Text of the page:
The administration of President Joe Biden has taken measures to safeguard workers and communities from the lethal impacts of extreme heat, including proposing the first-ever regulation on this issue by the Department of Labor. On June 20, prior to the commencement of the US summer, nearly 100 million Americans were under extreme heat advisories, watches, and warnings. New York City activated emergency cooling centers, while New Mexico grappled with deadly wildfires.

The Occupational Safety and Health Administration (OSHA) within the Department of Labor is proposing a rule to protect workers. If finalized, this would be the first-ever US safety standard on the matter. The rule includes provisions for identifying heat hazards, emergency response plans, training for supervisors, and work standards such as breaks, access to shade and water, and heat acclimatisation for new employees. Farm worker groups had urged the administration to establish heat standards, given that agricultural workers frequently face high temperatures and inconsistent access to shade, water, and breaks.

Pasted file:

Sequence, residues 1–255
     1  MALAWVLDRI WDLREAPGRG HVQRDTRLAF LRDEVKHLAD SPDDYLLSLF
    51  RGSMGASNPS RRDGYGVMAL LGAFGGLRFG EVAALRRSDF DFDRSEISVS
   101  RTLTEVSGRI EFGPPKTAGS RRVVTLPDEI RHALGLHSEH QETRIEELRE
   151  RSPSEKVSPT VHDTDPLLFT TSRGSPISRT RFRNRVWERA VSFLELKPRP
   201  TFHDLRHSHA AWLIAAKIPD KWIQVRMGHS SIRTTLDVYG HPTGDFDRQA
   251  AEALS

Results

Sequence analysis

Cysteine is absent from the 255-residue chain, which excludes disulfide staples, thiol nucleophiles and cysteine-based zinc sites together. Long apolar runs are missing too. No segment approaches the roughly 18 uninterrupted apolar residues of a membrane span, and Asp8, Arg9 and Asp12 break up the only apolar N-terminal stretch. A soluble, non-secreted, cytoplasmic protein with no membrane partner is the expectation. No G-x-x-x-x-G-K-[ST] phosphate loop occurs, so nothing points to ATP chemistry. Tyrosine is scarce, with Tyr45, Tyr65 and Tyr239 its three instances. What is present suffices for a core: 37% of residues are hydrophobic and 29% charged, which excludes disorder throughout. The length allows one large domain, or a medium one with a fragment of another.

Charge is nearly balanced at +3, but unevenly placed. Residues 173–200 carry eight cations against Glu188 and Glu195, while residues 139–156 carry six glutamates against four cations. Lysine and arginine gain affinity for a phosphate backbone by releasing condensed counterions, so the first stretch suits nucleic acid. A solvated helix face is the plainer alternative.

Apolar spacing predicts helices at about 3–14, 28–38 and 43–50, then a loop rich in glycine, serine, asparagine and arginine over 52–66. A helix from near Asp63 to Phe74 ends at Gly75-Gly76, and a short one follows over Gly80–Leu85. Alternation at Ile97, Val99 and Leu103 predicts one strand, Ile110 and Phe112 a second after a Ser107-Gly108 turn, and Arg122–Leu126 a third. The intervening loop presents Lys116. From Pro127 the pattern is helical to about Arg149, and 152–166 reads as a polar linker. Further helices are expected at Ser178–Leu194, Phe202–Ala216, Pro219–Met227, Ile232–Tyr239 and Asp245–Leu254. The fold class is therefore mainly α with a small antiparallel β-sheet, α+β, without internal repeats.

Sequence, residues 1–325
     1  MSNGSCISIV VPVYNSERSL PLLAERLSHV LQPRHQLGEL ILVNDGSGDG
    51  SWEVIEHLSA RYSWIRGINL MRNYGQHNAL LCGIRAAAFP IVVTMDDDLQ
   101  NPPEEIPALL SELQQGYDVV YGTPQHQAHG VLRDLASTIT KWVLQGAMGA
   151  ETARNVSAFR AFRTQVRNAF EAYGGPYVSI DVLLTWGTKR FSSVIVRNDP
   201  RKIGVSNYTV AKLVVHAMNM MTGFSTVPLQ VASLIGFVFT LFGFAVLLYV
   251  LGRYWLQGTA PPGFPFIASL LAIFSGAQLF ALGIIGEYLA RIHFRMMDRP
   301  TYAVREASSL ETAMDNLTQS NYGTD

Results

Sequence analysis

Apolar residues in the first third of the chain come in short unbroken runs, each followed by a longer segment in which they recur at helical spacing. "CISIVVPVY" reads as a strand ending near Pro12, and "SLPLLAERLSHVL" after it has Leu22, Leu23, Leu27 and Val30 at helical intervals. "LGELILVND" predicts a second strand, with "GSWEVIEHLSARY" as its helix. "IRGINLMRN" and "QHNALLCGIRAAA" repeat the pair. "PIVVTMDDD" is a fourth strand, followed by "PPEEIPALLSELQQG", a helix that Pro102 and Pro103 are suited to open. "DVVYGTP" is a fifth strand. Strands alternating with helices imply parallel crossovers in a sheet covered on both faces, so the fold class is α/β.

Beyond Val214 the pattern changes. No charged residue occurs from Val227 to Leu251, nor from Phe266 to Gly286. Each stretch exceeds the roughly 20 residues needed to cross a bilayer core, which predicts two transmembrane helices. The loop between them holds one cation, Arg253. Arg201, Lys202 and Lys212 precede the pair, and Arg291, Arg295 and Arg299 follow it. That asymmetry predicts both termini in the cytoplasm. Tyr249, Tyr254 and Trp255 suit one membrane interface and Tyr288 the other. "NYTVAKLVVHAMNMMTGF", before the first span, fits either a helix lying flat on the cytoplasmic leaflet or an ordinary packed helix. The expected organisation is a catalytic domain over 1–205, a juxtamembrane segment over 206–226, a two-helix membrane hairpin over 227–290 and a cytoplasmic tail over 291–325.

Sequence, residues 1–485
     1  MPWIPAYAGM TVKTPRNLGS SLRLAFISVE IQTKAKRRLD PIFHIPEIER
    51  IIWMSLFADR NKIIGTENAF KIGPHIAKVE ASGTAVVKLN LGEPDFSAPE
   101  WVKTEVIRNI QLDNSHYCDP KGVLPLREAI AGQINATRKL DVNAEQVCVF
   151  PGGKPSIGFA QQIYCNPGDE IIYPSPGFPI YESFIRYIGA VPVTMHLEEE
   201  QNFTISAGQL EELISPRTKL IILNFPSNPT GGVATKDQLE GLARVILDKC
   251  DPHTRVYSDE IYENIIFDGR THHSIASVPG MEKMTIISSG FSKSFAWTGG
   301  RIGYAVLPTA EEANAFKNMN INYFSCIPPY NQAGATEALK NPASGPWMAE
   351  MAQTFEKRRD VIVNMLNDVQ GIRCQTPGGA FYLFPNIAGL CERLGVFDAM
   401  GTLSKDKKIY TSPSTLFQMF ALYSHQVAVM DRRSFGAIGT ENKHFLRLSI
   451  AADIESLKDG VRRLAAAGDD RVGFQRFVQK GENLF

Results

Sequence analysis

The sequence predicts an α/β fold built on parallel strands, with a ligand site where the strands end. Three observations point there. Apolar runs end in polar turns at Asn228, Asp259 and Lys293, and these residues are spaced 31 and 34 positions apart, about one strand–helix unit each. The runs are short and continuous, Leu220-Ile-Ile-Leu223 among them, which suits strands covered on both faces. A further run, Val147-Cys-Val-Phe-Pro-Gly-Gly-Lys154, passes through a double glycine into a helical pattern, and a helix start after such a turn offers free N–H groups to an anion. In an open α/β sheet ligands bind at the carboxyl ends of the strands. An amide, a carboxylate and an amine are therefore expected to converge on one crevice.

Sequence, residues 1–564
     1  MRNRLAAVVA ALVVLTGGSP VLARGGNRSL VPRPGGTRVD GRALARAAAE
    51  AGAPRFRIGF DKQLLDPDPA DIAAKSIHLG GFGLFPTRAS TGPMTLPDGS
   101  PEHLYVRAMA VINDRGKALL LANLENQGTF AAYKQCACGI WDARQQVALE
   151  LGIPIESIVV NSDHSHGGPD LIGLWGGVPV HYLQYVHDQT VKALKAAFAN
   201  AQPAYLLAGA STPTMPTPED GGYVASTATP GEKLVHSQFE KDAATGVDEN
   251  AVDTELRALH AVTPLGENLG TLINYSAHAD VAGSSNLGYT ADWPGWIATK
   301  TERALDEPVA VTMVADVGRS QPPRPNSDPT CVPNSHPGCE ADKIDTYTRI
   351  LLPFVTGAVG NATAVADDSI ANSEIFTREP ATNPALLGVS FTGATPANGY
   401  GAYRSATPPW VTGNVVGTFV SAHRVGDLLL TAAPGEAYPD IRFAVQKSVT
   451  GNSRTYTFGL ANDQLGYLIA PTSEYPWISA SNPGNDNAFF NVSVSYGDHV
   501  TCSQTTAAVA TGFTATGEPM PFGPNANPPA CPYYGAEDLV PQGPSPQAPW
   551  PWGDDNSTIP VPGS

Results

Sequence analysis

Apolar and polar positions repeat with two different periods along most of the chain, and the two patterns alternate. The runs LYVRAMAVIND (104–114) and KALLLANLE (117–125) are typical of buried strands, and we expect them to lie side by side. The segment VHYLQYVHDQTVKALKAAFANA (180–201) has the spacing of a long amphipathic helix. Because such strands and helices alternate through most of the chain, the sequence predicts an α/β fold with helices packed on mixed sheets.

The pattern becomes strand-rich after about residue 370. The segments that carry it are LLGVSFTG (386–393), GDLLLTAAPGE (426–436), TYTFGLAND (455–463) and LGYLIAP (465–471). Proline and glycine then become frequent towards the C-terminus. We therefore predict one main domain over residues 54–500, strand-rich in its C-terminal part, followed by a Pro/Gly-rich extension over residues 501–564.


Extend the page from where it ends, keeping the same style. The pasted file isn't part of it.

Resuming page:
OSHA estimates that the rule would affect approximately 36 million workers and significantly reduce heat-related injuries, illnesses, and deaths in the workplace. Extreme weather, including extreme heat, also poses economic challenges. A White House fact sheet noted that a record 28 individual billion-dollar extreme weather and climate disasters in 2023 resulted in over $90 billion in economic damage.

Additionally, the Federal Emergency Management Agency is allocating nearly $1 billion for nearly 660 projects to aid communities in preparing for disasters and natural hazards, including extreme heat, storms, and flooding. A White House fact sheet revealed that President Biden will receive a briefing on extreme weather forecasts for the summer on Tuesday. The White House will also host a summit on extreme heat this summer.